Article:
Usually, when you find a tick on yourself, you just kill it and throw it in the trash.  “Not so fast!” says the Guilford County Department of Public Health which is now calling on you to put it in an envelope and mail it free of charge to NC State University.

The health department is inviting citizens to act as “community scientists” for a study that’s documenting tick species encountered in North Carolina.

The study, conducted by NC State, requests participants send in ticks they come into contact with naturally in any part of North Carolina. The Guilford County health department is a partner with the school in the study and is distributing free tick collection kits.

According to the call to citizen’s study sent out by the county on Valentine’s Day, “Participants must be 18 years or older and are required to collect ticks, complete a survey, and send their findings via mail in a postage-paid return envelope.”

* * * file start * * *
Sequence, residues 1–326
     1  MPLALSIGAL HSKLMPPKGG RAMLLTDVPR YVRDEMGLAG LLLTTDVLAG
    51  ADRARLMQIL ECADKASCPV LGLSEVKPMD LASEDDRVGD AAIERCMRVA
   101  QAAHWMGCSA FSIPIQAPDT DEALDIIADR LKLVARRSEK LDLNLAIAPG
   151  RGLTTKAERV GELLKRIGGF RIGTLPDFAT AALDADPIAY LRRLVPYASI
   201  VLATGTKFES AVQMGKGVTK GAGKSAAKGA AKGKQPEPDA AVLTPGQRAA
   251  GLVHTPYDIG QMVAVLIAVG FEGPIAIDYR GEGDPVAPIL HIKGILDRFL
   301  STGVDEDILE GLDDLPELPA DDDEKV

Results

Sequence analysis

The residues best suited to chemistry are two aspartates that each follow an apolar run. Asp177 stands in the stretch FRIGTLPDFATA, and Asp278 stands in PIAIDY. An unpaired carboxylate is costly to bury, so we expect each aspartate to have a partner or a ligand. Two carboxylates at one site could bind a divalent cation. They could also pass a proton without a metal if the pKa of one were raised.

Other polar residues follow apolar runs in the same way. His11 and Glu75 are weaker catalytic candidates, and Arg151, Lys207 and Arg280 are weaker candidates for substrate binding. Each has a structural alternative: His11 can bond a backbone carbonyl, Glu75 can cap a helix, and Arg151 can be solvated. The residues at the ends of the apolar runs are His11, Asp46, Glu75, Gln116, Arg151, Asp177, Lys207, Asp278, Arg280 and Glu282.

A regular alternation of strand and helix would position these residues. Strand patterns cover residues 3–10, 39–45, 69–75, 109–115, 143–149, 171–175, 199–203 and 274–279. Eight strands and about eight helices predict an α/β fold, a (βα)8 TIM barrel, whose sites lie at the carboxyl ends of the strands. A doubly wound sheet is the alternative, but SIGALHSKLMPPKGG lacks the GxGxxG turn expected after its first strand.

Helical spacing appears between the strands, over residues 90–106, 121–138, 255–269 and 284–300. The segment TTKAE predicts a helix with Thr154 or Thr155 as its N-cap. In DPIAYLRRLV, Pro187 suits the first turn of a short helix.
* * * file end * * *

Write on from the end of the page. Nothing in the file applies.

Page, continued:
Here are the rules.

(Yes, tick studies have rules.)

• Participants should only submit ticks pulled off of themselves – not off animals.

• Participants need to fill out a survey for each kit sent in.

• Don’t expect to be paid for participation – you won’t be.

You will, however, be provided with an envelope  that can be sent in free of charge.

And don’t worry about your encounter with a tick becoming public knowledge. No personal information will be shared and you won’t be identified by your responses.

Free tick kits can be picked up from the Environmental Health Division on the 3rd floor of the Guilford County Department of Health and Human Services at 1203 Maple St. in Greensboro. Kits may be picked up Monday through Friday from 8 a.m. to 4:30 p.m. Each kit will include a postage-paid return envelope, collection tubes, and a short survey for participants to complete.

There’s no limit on the number of ticks you can send in.

For more information about the tick study, you can email NC State researcher Dayvion Adams at

You can also learn more about common ticks in North Carolina on NCSU’s website.